Nikon Coolpix P90 bridge camera
Super zoom, so-so pictures
It's no surprise that a camera offering such a long zoom offers four anti-blur systems. These comprise of a CCD-shift system Nikons calls Vibration Reduction; a High ISO mode, Motion Detection and Best Shot Selector, which takes up to ten frames, and then selects and saves the sharpest one. Nikon’s D-Lighting technology is also included, which can be used to tweak brightness and contrast in both shooting and playback modes.
Easy access to basic functions but shooting modes are buried in menu pages
You also get the usual face-, smile- and blink-detection systems, and there’s a good selection of continuous shooting modes including, one that shoots at 1.4fps at maximum resolution. But the P90 can do much better than this if you’re content to shoot at a lower resolution.
Multi-shot 16 fires off 16 shots at 7.5fps - with a maximum resolution of 2592 x 1944 - and displays them as a single picture, while Sport Continuous mode offers a top speed of 15fps for up to 45 frames at up to 2048 x 1536. Finally, there’s a movie mode offering VGA-resolution at 30fps and 15fps, QVGA-resolution at 15fps, and time lapse recording with an interval time range from 30 seconds to 60 minutes. Oh, and you even get 47MB of internal memory.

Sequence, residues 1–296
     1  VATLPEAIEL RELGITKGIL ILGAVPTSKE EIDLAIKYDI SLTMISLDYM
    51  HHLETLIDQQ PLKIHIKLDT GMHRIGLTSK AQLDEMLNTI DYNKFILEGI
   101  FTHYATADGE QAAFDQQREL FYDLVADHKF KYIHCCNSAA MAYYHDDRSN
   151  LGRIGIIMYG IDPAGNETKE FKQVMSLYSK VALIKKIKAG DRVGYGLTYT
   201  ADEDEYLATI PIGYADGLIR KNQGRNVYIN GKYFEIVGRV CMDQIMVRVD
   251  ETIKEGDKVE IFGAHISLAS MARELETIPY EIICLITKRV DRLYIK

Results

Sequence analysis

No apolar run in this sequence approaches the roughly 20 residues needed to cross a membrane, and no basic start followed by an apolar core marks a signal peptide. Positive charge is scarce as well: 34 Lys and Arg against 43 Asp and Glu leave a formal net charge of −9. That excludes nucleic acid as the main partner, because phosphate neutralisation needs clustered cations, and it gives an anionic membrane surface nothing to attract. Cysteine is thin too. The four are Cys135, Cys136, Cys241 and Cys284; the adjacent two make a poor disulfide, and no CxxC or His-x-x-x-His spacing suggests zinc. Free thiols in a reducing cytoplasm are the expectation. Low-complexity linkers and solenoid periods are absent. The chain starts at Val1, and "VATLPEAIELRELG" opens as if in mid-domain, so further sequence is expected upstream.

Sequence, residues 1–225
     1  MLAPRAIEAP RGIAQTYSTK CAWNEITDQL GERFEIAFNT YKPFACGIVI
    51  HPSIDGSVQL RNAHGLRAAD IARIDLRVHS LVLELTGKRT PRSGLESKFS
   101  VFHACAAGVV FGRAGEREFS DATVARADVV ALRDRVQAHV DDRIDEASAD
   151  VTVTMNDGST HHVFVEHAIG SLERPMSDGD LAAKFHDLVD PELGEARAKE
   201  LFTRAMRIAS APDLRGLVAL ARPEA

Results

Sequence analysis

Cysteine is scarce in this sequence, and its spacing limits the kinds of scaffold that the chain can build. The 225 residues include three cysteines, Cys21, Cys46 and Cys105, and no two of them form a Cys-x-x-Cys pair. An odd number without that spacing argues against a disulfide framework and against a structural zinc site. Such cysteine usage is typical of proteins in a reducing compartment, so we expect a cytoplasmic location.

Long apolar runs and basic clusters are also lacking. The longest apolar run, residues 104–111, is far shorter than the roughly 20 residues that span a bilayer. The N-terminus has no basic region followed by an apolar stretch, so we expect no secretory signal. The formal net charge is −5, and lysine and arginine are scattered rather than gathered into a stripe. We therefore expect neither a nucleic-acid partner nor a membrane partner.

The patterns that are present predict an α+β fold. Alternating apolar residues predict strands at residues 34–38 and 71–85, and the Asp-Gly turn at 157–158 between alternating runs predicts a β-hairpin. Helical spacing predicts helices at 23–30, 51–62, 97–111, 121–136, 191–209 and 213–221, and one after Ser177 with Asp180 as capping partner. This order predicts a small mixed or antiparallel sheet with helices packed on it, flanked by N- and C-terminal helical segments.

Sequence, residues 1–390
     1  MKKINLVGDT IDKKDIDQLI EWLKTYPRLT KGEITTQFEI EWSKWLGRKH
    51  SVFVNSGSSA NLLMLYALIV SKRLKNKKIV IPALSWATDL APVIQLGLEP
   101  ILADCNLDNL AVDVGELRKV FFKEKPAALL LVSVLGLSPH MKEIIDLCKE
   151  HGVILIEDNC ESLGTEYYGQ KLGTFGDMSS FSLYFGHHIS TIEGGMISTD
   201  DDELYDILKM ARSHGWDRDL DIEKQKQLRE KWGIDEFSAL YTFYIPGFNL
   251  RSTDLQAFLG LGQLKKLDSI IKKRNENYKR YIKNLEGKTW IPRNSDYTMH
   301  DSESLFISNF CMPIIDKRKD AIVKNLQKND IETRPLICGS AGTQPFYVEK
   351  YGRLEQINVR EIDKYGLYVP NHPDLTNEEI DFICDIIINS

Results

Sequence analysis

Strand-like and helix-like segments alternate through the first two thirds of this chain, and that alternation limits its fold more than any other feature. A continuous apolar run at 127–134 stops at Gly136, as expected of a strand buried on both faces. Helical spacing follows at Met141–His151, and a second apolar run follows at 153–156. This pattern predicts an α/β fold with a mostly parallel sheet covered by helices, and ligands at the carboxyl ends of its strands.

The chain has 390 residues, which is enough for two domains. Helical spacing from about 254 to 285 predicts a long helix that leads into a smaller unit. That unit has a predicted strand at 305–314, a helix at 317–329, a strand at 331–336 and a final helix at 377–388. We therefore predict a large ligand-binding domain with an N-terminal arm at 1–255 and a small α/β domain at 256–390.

In general, the P90’s handling was somewhat disappointing. It’s comfortable to hold with a nice rubberized grip and a thumb rest but, oh dear, Nikon definitely needs to work on the rest of the user interface.
Although the EVF has the same number of pixels as the LCD screen, the image looked coarser. Contrast was poor and colour reproduction was, frankly, diabolical. Colours were over-saturated and when we took a shot of a green door, it looked dark blue in the EVF – Nikon really should have given the P90 an optical viewfinder. The articulating LCD screen is useful for shooting at various angles, but the screen is one of the worst for viewing in bright sunlight.
The versatile LCD panel is handy but fails to shine in bright conditions
There’s a good sprinkling of camera modes: auto, program AE, aperture priority, shutter priority and manual. You can also save a couple of settings in PASM modes for fast access on the mode dial, and there are also fifteen scene modes including landscape, food and panorama. There’s even a dedicated setting on the mode dial for sport continuous mode.
Sponsored: Today’s most dangerous security threats